At the premiere at the San Carlo, the third act parting of the Red Sea, itself unusual for Rossini at this stage of his career, posed severe difficulties for the technical staff of the theatre and they failed to produce a convincing staging of this part of the opera. This failure was directly responsible for the composer adding Moses’ prayer Dal tuo stellato soglio for a production in 1819 and which is now one of the most famous numbers from the opera. Despite the failure of the Red Sea to part in 1818, Mosè in Egitto was an immediate success and soon began to circulate in Italy and abroad, including England where Biblical subjects were not allowed on stage; consequently it was heard here in concert form as an oratorio. For the original, and as usual working under the pressures of time, Rossini borrowed music from his earlier Ciro in Babilonia for Amaltea’s aria in act two and called on Michele Carafa to provide an aria for Faraone,. He later replaced it with his own composition for the 1820 revival of the work. However, he pasted the original into the signed manuscript version, returning the original to Carafa.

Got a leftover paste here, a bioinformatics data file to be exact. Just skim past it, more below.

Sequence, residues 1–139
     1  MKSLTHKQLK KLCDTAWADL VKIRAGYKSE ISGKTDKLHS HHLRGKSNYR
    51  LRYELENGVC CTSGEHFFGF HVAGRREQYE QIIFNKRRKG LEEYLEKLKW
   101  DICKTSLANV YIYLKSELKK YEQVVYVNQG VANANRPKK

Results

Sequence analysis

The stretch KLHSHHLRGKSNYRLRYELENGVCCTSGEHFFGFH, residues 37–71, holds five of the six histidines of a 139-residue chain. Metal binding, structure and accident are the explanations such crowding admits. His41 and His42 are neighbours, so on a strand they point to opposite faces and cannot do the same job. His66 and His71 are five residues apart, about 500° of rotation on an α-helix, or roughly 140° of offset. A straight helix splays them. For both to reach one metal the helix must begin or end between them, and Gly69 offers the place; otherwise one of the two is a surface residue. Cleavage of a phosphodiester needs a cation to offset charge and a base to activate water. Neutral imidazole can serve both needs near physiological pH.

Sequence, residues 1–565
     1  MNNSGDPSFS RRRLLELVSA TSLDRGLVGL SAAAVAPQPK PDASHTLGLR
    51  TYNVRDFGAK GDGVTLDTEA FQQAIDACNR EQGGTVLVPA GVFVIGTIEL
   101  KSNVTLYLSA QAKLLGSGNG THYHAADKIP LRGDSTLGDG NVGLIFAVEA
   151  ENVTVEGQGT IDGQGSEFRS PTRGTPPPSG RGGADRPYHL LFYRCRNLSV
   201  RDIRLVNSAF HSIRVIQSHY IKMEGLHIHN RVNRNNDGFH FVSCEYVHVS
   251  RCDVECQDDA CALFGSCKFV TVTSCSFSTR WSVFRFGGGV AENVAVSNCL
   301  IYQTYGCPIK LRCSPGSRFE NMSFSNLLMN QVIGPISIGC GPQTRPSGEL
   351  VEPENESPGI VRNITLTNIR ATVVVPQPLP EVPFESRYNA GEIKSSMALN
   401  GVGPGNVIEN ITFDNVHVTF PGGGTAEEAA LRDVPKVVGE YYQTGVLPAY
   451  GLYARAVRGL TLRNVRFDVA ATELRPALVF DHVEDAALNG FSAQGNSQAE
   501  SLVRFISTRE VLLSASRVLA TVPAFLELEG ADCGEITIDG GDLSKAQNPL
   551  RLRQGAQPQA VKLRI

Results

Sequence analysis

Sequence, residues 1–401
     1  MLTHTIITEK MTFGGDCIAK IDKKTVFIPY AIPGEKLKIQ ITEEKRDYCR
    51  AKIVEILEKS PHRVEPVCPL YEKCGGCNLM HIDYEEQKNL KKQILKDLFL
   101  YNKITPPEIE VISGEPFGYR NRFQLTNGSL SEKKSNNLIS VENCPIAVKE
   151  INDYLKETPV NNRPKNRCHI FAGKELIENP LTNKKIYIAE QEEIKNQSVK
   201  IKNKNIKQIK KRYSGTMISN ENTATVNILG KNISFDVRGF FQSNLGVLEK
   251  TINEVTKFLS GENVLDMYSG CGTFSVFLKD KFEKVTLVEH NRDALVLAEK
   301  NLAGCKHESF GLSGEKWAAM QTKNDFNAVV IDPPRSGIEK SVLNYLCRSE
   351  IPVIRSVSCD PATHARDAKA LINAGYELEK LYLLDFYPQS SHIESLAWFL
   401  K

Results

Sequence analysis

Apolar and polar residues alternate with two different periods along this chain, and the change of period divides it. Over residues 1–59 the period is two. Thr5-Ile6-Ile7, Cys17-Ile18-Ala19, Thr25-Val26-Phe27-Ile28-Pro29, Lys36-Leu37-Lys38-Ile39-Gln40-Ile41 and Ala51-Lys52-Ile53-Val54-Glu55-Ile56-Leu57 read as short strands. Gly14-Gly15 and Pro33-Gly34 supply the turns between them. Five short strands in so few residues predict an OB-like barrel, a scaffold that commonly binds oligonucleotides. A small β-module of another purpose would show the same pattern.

For presentation at the San Carlo during Lent in 1819, which is the basis of Charles Bruner’s Critical Edition and of this performance, Rossini made several revisions. Most important was the addition, already noted, of the choral prayer Dal tuo stellato soglio in act three and which, with its soaring melody, became the most popular number in the opera and helped to maintain the work through to the present day. Aware of the virtues and popularity of the opera, Rossini revised it radically as Moïse et Pharaon, a four act French version, complete with ballet, for presentation at the Paris Opéra in 1827 (Review). This French version was in turn translated back into Italian using the title Mosè in Egitto. Scholars often have trouble determining exactly which version was actually performed later in the nineteenth century! With the original 1818 score lost, this present performance seems to mirror that performed in Bad Wildbad in 2006 (see review).